The industry has definitely changed heaps. It has shrunk so much that everyone has to do a lot more. When I started out there would be different roles for different people in record companies, and now it seems like A&R people are doing almost everything in those roles. The same for touring – when I first started I had a sound guy, a lighting guy and a tech guy, and now all of those roles have now started to melt into one. The same is happening with musicians though. If I’m speaking for myself, I now need to be not only a musician but a producer, an engineer, a mixer, I need to be able to create high-quality content. Everything is condensed, you have to be way more adaptable. 

Your collaboration with Sydney Symphony Orchestra in 2016, first of all, was so incredibly beautiful, it really transported your music into a completely different context, and even earned you an ARIA award. What was that experience like, did you learn a lot?

I don’t think it necessarily changed the way I make music but it changed my openness to collaboration and allowing people to invest in my work. I have always been quite coveted of my own stuff because I want control of it. I want either the success or failure of it to rest solely on my shoulders, but doing the SSO thing, because I don’t read or write music, I really had to let the arrangers and composers show their own voice in the arrangements they came up with for my music. It was quite confronting at first but once you kind of relinquish that control it can be incredibly liberating. I think that’s what I learnt from that experience.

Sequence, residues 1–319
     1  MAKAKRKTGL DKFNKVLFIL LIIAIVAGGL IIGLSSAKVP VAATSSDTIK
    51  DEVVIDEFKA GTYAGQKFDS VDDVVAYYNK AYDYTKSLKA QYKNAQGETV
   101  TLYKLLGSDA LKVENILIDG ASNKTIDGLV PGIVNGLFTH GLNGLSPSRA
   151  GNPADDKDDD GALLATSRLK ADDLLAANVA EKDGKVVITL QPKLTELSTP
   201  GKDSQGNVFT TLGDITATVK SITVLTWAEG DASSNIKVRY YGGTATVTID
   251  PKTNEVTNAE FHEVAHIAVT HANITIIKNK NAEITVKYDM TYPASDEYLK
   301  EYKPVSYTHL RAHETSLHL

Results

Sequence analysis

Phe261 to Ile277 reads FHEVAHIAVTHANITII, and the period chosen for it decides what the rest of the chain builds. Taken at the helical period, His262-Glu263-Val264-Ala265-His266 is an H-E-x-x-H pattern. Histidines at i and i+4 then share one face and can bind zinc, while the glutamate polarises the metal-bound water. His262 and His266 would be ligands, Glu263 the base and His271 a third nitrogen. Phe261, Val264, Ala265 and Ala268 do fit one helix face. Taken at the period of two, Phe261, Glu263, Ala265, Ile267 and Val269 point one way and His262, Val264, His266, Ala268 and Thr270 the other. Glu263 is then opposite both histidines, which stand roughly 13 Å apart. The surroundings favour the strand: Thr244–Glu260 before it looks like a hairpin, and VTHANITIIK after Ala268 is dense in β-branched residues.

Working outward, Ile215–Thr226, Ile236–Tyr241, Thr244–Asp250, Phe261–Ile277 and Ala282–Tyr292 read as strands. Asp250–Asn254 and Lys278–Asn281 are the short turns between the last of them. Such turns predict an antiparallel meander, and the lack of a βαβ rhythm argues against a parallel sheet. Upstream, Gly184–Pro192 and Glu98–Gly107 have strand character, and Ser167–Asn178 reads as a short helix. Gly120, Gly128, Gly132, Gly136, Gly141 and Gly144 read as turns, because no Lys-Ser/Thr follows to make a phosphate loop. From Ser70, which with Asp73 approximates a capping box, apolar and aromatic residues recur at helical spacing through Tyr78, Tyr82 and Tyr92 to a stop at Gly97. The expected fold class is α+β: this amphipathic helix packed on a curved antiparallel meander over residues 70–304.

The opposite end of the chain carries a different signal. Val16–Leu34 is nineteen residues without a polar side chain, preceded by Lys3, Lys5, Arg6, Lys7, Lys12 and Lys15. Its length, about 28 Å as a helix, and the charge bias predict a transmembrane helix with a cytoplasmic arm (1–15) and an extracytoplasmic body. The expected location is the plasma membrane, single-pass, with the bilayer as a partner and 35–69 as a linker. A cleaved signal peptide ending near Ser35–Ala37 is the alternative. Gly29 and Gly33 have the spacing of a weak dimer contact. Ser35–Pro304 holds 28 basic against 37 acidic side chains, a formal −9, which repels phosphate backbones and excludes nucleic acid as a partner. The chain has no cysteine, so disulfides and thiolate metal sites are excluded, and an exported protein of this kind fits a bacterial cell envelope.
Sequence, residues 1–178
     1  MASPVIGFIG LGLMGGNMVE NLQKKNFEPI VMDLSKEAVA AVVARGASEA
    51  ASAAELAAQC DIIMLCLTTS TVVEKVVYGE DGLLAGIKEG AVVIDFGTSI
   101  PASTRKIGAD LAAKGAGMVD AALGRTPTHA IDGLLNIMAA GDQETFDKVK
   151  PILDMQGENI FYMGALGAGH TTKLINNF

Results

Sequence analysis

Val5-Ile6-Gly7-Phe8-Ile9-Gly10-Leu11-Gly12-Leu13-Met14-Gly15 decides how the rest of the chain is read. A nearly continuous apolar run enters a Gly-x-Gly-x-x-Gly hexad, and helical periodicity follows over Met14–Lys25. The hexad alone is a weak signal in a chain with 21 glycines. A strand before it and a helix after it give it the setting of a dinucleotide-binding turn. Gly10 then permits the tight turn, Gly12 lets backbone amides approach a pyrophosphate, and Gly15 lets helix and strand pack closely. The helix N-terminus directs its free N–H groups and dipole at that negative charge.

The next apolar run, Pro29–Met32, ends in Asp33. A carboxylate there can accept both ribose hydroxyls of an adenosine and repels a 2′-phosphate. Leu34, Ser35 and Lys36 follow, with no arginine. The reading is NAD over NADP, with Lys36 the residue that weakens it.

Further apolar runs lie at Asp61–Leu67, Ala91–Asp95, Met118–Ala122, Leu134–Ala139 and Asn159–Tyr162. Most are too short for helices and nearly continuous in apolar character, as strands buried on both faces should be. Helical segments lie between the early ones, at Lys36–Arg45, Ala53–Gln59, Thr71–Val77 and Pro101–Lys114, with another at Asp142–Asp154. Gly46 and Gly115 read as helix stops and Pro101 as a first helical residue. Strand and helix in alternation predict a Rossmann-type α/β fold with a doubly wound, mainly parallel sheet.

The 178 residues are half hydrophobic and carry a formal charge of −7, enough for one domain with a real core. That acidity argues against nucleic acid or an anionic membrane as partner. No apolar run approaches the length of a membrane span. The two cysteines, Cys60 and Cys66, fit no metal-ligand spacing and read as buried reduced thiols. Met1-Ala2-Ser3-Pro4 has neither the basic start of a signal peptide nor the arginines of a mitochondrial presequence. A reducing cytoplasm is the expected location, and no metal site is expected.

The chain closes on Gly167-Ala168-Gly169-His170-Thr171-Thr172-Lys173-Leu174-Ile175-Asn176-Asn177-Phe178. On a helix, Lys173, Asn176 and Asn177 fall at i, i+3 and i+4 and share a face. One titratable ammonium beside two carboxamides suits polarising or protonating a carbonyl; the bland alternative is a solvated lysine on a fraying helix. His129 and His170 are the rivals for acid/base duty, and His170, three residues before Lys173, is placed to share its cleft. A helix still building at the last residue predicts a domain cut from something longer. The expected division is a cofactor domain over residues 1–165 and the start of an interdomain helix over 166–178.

It’s been 10 years since Memories and Dust was released. Is it easy to transport yourself back to the mentality of that body of work and that time in your life or does it all seem like a distant memory?

It feels like a distant memory, but then every time I play the song live, all those emotions and feelings come back so vividly and sharply. It’s actually a great way to connect to that period of my life. All of my albums do that – they transport me back to maybe 1 or 2 years of my life, so playing songs from all of those albums allows me to stay connected with those experiences, it’s been a really nice thing about touring.